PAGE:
The FDA and Its New Guidance on Regenerative Medicine Drugs

by Barbara Unger, GMP Quality Expert, and GMP Regulatory Intelligence Editor-in-Chief

The four guidance we address here are part of the FDA’s announced ‘comprehensive regenerative medicine policy framework and support implementation of provisions in the 21st Century Cures Act.  The FDA is actively supporting the development of stem cell and other types of regenerative therapies and attempting to differentiate them from the hundreds of stem cell clinics that make broad and unfounded claims of safety and efficacy.  The FDA has issued several warning letters in the past year to clinics that deliver services and products of this type where the FDA determined they posed an immediate safety risk to the public.  At issue regarding enforcement appears to be the definitions of “minimal manipulation” and “homologous use” — both of which are defined in the guidance.  The NYT also reports the story with their perspective.  Below, we address each of the four recent guidance, beginning with the two that are final and following with the two that are drafts available for comment:

1. The FR announced availability of a 24-page final guidance, ‘Regulatory Considerations for Human Cells, Tissues, and Cellular and Tissue-Based Products: Minimal Manipulation and Homologous Use.  This guidance was issued from CBER, CDRH, and the Office of Combination Products.  It finalizes the content of two draft guidance on similar topics published December 2014 and October 2015.  It also incorporates and, thus, finalizes certain aspects of the draft guidance from December 2014 addressing Adipose Tissue.’  The guidance includes a discussion of relevant definitions, particularly ‘minimal manipulation’ and ‘homologous use,’ along with 27 questions and answers.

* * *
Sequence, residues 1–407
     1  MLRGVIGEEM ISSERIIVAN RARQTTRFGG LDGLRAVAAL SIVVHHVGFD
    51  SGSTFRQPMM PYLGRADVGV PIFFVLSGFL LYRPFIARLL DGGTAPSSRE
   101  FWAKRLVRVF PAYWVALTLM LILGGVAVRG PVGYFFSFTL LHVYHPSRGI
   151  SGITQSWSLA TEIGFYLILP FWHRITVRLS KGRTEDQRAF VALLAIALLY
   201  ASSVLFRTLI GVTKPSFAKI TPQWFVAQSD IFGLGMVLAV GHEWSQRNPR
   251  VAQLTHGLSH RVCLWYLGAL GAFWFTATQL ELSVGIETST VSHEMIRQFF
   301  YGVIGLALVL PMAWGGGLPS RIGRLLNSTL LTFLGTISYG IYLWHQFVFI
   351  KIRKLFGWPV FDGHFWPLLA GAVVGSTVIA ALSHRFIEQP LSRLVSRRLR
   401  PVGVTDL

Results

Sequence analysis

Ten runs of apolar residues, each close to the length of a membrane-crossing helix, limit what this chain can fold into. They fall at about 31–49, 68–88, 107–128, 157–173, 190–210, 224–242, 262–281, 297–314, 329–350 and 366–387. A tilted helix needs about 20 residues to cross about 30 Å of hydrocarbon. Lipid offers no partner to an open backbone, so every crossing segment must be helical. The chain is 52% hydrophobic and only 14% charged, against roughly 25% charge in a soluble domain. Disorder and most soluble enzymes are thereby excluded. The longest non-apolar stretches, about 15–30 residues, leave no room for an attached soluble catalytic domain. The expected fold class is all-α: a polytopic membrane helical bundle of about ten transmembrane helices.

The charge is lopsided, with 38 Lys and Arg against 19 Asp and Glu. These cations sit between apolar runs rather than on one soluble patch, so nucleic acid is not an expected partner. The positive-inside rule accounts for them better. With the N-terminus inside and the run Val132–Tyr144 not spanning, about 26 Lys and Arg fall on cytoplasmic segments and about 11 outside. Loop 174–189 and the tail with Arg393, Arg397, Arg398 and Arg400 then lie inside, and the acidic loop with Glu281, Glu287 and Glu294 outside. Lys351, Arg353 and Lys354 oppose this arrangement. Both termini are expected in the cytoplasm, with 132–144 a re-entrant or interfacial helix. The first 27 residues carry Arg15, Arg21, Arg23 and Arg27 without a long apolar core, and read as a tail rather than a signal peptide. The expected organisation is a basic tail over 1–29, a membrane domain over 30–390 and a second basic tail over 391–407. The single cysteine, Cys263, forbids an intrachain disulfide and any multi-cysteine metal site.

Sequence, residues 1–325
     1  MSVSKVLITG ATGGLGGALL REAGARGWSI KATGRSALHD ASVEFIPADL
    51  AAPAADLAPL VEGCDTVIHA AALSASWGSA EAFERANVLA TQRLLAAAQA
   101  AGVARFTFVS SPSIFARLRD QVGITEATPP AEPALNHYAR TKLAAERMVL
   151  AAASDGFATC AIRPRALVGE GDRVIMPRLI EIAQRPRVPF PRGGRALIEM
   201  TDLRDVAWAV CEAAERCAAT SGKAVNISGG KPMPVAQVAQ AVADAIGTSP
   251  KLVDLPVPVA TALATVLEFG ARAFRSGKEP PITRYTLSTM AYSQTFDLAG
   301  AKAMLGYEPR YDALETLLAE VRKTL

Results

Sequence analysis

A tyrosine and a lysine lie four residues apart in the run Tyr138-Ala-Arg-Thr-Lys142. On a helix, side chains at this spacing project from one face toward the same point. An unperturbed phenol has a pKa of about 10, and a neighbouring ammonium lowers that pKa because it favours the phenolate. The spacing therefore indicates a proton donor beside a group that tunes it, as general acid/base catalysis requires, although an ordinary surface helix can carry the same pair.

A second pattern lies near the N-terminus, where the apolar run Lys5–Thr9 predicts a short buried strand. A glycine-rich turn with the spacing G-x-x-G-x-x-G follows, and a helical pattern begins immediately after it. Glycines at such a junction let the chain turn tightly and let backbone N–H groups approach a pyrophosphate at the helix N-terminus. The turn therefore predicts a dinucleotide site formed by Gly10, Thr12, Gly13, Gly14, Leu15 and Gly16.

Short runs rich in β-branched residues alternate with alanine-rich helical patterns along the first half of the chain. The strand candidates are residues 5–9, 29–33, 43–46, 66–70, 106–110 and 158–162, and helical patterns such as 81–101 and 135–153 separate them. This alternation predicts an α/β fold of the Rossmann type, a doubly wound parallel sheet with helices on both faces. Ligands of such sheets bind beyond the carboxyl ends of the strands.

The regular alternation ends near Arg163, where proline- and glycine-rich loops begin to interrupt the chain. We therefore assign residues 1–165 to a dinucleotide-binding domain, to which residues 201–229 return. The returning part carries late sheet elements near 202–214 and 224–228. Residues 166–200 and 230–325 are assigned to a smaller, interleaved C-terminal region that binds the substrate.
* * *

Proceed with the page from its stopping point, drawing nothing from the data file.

The guidance defines minimal manipulation’ — often a misinterpreted requirement and one for which the industry requested additional explanation.  Minimal manipulation means:

  1. For structural tissue, processing that does not alter the original relevant characteristics of the tissue relating to the tissue’s utility for reconstruction, repair, or replacement;
  2. For cells or nonstructural tissues, processing that does not alter the relevant biological characteristics of cells or tissues.

The FDA further states, “If an HCT/P does not meet the criteria set out in 21 CFR1271.10(a), and the establishment that manufactures the HCT/P does not qualify for any of the exceptions in 21 CFR 1271.15.”

The FDA defines the other important definition, homologous use’, used to determine whether products may be regulated solely under 21 CFR 1271 as:  “…homologous use means the repair, reconstruction, replacement, or supplementation of a recipient’s cells or tissues with an HCT/P that performs the same basic function or functions in the recipient as in the donor.”  To make this determination, the FDA will consider both the intended use of the product as identified in labeling, advertising, and “other indications of a manufacturer’s objective intent.”  A flowchart on page 5 of the guidance is useful to determine how to apply criteria in 21CFR 1271(a).